I remember working with a student who was having behavioral difficulties, and was often falling asleep in class. Getting to know him and his mom, I learned that they lived in a motel room off the highway. Mom worked in a fast food restaurant. Most of the time, she worked the closing shift, meaning she did not get home until close to midnight. This meant her son was alone in a motel room in a sketchy part of town from the time he arrived home from school until mom got home from work. This also meant he had to wait until close to midnight to get supper. Supper by the way, was the leftovers from the fast food restaurant.
Each year around this time, I wonder what ever happened to them. I wonder how happy their holiday season was. I wonder how that child felt when winter break began for him? He wouldn't be getting school breakfast or lunch, just whatever mom would be bringing home from work late at night? I wonder what that stuff tasted like the next day? I can only imagine what it was like being in a drafty motel room day in and day out for two weeks while mom worked. Were there presents? Was there a proper Christmas dinner? I know they had no other family, and that must have been lonely. The student eventually ended up living in a home for boys somewhere in the southwestern part of the state, and mom vacated the hotel room. I'm not exactly sure where she ended up.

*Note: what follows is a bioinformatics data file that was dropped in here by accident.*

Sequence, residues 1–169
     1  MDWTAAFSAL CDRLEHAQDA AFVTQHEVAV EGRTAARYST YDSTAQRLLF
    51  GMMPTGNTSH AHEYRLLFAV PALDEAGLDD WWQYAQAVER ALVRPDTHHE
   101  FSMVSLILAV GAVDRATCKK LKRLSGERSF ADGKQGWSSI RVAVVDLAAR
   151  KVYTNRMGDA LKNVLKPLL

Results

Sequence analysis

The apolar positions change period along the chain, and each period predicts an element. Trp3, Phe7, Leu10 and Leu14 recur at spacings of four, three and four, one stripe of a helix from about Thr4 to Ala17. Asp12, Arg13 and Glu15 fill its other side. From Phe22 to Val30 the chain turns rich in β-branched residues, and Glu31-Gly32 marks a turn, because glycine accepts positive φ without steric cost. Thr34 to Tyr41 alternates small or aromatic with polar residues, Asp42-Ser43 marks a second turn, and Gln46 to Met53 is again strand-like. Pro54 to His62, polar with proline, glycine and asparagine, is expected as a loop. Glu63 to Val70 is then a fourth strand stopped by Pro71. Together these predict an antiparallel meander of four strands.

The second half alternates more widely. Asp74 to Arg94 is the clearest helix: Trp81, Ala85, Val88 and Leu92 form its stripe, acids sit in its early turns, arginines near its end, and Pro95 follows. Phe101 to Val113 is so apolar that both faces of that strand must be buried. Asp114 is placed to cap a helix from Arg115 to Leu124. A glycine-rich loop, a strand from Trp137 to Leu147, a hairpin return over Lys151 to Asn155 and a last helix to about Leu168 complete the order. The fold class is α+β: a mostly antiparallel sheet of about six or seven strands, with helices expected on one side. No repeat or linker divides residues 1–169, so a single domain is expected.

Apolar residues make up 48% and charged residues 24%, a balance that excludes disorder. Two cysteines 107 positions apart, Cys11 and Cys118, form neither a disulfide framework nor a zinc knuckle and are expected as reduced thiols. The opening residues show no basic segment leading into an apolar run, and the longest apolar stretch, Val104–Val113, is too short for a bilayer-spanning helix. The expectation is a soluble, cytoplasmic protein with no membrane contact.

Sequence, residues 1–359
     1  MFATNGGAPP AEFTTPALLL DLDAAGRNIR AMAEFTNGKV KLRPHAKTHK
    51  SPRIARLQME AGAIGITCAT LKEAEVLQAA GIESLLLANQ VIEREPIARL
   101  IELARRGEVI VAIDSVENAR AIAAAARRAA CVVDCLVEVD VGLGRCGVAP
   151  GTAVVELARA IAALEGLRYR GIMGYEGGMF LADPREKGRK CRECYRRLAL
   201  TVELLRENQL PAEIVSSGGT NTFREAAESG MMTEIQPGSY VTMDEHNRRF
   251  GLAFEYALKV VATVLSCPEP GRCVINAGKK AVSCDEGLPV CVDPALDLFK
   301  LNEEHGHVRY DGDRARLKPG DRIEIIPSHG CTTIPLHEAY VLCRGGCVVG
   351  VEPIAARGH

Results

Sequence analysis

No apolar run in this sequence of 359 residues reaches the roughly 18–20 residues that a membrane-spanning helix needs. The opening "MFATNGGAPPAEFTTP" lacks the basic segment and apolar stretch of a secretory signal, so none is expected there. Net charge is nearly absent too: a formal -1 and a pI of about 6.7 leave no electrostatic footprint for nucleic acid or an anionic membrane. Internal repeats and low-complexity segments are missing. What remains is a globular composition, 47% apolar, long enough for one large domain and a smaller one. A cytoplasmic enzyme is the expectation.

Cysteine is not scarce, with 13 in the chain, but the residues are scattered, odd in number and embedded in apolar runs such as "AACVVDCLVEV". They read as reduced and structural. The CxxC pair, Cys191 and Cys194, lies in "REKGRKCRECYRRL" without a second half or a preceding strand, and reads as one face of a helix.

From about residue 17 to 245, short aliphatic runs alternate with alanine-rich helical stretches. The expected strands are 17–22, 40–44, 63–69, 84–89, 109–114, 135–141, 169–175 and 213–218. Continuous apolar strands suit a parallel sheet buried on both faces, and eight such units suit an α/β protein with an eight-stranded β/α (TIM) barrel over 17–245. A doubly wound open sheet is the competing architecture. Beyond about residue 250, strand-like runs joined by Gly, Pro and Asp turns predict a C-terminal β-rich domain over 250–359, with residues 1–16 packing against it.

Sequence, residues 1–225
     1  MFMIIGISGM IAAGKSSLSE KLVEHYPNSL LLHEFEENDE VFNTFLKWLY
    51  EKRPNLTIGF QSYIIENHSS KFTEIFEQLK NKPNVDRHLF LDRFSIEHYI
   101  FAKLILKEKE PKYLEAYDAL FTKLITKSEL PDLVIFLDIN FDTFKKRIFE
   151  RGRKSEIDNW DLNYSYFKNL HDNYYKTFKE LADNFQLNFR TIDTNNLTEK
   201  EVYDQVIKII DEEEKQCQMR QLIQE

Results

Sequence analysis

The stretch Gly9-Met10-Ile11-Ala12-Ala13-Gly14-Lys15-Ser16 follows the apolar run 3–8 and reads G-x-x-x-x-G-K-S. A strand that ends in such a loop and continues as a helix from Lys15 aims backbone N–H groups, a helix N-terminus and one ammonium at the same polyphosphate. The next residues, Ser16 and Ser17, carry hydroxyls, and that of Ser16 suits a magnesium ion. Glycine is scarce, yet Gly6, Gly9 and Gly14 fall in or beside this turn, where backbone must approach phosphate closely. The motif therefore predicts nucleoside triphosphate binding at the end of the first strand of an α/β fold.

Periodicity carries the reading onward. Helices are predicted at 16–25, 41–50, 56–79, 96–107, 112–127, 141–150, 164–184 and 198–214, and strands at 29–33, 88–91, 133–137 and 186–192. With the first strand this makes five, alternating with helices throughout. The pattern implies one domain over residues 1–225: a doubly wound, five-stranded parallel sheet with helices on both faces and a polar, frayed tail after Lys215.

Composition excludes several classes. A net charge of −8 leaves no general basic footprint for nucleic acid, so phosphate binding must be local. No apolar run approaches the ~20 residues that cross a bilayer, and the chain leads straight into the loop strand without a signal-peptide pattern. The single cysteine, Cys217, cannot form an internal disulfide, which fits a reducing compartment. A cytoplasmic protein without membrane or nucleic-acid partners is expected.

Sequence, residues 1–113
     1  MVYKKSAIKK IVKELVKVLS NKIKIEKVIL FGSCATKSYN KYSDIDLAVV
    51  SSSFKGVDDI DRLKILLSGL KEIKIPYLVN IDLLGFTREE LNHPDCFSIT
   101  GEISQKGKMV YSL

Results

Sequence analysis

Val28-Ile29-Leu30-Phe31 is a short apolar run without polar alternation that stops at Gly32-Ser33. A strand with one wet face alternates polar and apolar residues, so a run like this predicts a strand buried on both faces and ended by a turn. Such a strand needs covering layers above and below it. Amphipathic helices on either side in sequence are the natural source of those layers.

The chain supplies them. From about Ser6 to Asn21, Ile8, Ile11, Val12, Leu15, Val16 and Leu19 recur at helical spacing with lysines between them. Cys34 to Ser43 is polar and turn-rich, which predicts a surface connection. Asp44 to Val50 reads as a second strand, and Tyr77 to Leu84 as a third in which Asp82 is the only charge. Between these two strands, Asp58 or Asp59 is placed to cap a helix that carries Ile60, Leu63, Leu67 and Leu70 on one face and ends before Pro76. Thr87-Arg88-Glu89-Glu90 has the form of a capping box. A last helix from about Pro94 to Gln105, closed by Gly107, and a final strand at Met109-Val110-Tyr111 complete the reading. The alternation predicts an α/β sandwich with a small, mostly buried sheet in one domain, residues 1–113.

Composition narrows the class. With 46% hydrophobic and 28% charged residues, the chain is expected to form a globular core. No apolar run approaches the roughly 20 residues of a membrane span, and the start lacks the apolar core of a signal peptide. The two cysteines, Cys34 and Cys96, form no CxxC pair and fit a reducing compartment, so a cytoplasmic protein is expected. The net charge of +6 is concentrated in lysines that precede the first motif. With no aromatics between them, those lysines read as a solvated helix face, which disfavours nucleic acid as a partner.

I bring this up because it is important for us as educators to remember that the holiday season is different for everyone. While I'm happily bounding out the door on the day winter break begins, I know there are others who aren't looking forward to these coming weeks. Do they get to go home to heat, light, good food, and a safe place to call home? Not always.
It is so easy to get wrapped up in our own lives this season, whether we are thriving or surviving. In the coming weeks, be mindful of those you work with. While these can be times of joy, excitement, and wonder; they can also be times of stress, sadness and despair. Even those of us with a roof over our heads and plenty to eat can feel down this time of year. This may be due to the recent loss of a loved one, or financial stress from a recent layoff or pay cuts so easy to get wrapped up in our own. In your actions and conversations, keep in mind the reason for the season. Be sure to model and celebrate those things we call can learn and grow from: compassion, kindness, and, thankfulness.